Abstract

http://ssrn.com/abstract=665181
 
 

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The Ecology of Antitrust: Preconditions for Competition Law Enforcement in Developing Countries


Michal S. Gal


University of Haifa - Faculty of Law


COMPETITION, COMPETITIVENESS AND DEVELOPMENT, pp. 20-38, 2004

Abstract:     
The number of developing countries that have adopted a competition law has grown exponentially over the past two decades. Yet the mere adoption of a competition law is a necessary but not sufficient condition for it to be part of market reform. Just as ecological conditions determine the ability of a flower to bloom, so do some preconditions affect the ability to apply a competition law effectively. This study seeks to identify the ecology of antitrust in developing countries: the soil, sun, water and pesticides of competition law adoption and enforcement. In particular, it analyzes the socio-economic ideology (soil), the institutional and organizational conditions (sun and water), and the political economy conditions (pesticides) that are necessary for competition law to bloom. It does so based on a theoretical framework as well as by analyzing the experiences of developing countries in applying competition laws.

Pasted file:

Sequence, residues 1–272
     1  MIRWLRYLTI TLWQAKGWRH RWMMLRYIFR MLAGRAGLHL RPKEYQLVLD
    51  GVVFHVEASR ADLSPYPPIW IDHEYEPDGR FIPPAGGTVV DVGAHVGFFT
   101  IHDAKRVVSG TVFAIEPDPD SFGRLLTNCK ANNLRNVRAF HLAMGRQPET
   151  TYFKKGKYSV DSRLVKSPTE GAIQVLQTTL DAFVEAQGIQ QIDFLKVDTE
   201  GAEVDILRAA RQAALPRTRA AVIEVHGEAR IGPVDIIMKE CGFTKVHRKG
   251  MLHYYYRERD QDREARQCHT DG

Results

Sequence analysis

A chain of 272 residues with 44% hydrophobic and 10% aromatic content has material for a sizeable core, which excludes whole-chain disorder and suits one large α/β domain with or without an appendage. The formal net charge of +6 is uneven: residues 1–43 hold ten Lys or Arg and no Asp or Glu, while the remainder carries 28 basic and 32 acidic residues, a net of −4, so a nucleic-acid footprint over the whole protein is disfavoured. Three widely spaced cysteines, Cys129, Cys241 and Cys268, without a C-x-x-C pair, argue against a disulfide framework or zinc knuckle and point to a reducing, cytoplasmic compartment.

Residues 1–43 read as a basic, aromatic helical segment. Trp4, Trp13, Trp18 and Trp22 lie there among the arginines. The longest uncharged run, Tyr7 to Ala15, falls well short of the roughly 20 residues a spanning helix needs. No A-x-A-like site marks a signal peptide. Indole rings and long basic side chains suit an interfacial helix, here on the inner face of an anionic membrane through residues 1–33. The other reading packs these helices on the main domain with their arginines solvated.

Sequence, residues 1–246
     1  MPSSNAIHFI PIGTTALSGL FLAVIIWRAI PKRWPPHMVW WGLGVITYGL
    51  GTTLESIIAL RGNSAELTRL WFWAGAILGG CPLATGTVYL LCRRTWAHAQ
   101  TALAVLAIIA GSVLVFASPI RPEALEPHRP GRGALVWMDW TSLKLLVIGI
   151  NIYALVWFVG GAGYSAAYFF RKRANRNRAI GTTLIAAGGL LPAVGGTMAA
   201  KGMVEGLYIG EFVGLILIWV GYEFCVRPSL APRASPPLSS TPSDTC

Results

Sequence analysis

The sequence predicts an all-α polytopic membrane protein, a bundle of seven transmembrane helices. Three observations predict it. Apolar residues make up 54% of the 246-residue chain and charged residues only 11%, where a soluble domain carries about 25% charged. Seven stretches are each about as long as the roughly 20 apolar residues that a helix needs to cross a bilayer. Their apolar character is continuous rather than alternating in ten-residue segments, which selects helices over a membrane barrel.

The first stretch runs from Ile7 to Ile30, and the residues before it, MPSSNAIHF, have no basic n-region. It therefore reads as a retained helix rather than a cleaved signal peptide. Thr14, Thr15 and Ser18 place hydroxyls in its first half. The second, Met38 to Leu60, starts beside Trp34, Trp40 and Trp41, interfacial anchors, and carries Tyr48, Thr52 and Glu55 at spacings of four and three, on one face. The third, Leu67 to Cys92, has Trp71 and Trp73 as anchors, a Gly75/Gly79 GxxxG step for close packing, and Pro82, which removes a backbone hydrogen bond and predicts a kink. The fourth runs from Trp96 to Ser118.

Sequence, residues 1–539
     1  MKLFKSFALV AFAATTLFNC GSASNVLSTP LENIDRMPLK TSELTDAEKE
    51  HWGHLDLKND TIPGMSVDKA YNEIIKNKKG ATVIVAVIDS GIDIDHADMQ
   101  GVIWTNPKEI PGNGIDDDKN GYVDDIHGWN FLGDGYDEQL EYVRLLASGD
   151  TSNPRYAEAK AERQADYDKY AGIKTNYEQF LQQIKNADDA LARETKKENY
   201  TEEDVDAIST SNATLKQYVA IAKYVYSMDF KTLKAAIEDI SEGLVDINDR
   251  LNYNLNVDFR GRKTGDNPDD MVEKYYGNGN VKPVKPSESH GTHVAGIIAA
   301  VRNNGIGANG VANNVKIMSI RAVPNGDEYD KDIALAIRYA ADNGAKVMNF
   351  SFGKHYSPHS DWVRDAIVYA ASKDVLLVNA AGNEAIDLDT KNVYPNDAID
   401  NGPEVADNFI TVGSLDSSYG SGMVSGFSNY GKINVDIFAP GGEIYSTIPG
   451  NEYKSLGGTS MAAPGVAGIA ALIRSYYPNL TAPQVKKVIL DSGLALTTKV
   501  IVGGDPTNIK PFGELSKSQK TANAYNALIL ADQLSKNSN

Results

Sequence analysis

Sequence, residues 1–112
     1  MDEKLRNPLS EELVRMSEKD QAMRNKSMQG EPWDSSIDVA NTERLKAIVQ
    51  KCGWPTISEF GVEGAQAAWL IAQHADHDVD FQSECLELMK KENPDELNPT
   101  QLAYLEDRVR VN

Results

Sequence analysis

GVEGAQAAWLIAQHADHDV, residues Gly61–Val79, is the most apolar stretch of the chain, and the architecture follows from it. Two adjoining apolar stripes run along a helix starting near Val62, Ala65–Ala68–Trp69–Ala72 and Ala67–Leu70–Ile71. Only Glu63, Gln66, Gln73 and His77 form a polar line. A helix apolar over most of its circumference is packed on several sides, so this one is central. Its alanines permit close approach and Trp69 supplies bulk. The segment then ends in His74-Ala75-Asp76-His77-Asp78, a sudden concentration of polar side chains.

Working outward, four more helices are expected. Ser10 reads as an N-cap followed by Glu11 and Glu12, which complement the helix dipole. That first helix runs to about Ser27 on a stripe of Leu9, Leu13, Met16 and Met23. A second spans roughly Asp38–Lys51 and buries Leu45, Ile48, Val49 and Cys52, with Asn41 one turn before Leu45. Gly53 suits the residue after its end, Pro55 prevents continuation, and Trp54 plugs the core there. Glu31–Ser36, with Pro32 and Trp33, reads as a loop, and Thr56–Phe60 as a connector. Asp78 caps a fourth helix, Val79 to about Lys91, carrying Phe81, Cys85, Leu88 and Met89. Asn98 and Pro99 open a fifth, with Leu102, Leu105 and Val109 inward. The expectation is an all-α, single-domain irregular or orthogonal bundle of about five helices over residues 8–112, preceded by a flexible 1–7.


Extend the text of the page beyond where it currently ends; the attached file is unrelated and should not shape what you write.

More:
Number of Pages in PDF File: 23

Keywords: antitrust, competition policy, economic development, political economy

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Date posted: February 17, 2005  

Suggested Citation

Gal, Michal S., The Ecology of Antitrust: Preconditions for Competition Law Enforcement in Developing Countries. COMPETITION, COMPETITIVENESS AND DEVELOPMENT, pp. 20-38, 2004. Available at SSRN: http://ssrn.com/abstract=665181

Contact Information

Michal S. Gal (Contact Author)
University of Haifa - Faculty of Law ( email )
Mount Carmel
Haifa, 31905
Israel
HOME PAGE: http://www.hup.harvard.edu/catalog/GALCOM.html
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